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Log Home Construction: Which wood is best?
Log Home Construction: Which Wood Is Best?
By [http://ezinearticles.com/?expert=Darwin_Forcier]Darwin Forcier
Which Wood is Best for Log Home Construction?
Much has been written about which wood species is best for log home construction. In this article I will draw on fifteen years experience to explain the pros and cons of some of the common wood species used commercially for log cabin construction.
Lodge pole pine is probably one of the most common and widely used wood species for log wall construction. It tends to be straight with low taper due to the slow growth associated with the dry climate where it is found. It is moderately strong and has low to moderate shrinkage during the seasoning process. Lodge pole Pine offers only moderate to low bug and decay resistance and great care must be take to ensure that the logs are treated for insects and decay.
Spruce is another species that is commonly used in log construction. Spruce is widely used in the Interior of British Columbia when many of North America's log homes come from. Spruce usually grows straight with very little taper making it a good candidate for log construction. However, it is common for Spruce to grow with a spiral grain. Spiral grain logs should not be used in construction and doing so can have disastrous results. Spruce, like Pine is moderately strong and has moderate shrinkage during the seasoning process; and like Pine it offers only low insect and decay resistance. Spruce logs tend to need more maintenance than some of the other species especially Douglas fir and Western Red Cedar.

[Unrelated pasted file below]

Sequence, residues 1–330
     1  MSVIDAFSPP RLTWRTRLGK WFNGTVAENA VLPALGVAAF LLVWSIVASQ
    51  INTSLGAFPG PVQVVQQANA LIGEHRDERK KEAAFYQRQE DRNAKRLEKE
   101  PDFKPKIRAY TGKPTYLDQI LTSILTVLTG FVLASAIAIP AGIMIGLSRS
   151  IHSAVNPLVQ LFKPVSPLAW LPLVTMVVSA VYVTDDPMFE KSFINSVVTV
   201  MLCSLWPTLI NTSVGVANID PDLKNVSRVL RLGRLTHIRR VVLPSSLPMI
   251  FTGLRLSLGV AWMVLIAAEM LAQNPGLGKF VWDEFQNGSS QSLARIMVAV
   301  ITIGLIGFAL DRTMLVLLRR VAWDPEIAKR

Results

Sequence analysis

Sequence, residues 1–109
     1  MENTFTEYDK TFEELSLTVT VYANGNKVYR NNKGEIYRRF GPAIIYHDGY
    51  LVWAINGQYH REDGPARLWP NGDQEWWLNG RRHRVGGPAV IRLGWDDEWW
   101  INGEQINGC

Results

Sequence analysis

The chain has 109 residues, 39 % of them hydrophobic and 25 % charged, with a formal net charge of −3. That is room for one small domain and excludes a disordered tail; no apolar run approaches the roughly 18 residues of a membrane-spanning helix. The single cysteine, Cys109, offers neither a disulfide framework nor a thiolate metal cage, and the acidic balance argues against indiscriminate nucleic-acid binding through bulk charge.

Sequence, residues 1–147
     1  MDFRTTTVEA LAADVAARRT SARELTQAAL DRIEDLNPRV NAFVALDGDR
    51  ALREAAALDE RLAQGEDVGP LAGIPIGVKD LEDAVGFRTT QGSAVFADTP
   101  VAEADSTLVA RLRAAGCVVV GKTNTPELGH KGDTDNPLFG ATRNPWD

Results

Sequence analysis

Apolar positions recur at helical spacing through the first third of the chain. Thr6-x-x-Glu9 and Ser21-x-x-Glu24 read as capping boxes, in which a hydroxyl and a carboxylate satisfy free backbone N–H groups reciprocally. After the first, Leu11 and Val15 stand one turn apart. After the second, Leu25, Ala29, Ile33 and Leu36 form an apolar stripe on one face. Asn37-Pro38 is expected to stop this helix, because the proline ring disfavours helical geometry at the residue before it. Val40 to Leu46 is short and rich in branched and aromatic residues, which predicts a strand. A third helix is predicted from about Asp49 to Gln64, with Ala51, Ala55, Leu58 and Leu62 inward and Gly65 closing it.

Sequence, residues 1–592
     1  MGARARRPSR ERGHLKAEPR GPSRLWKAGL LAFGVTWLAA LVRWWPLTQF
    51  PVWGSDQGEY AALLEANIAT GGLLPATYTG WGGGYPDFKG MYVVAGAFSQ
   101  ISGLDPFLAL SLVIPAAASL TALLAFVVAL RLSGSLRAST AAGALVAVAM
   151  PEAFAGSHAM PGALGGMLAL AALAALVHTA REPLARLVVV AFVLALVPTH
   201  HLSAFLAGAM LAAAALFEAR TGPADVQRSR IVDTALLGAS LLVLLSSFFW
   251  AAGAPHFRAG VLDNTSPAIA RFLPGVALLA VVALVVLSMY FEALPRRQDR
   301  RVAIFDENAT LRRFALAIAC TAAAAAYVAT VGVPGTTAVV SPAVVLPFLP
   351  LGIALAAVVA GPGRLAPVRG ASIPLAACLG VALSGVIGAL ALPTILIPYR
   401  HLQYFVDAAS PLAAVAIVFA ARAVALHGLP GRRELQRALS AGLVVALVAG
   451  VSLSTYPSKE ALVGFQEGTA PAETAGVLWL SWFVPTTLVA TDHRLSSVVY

Douglas fir is a great choice for log shell construction as it grows straight with low taper and is very strong. However, Douglas fir, like Spruce, can grow with a spiral grain. Spiral grain logs should not be used in log wall construction if possible. Douglas fir logs are very strong and are well suited for beams and purlins. Douglas fir has moderate shrinkage and moderate to high insect and decay resistance. Douglas fir log home tend to look more uniform than others because of the low taper.
Western Red Cedar (WRC) is the final and in my opinion the best choice for log home construction. Quality WRC logs have low to moderate taper and low moisture content. WRC logs will shrink the least of all species of wood during the seasoning process. WRC is almost always straight grained and offers high natural insect and decay resistance. WRC is moderately strong and thus ideal for log wall construction. WRC is also the only species that grows with the "butt flares" that are becoming increasing popular in log homes. The flares offer the customer a way of making their home unique and give it a more rustic and "hand-crafted" look that differentiates it from the cookie-cutter style of log homes found in many areas.
Before choosing the logs for your home, you should do some investigation into what is available in your area. The logs I mention above are by far the most widely used logs today but some may not be available in your area. Having said that, I recommend that your buy the best logs available for your home even if you have to have them shipped to you because remember "the logs are the only portion of your new home that you cannot upgrade later".
Darwin Forcier- Owner and founder of Coast Mountain Handcrafted Log Homes. Darwin has been building log and timber homes since 1993
Article Source: [http://EzineArticles.com/?Log-Home-Construction:-Which-Wood-Is-Best?&id=5121193] Log Home Construction: Which Wood Is Best?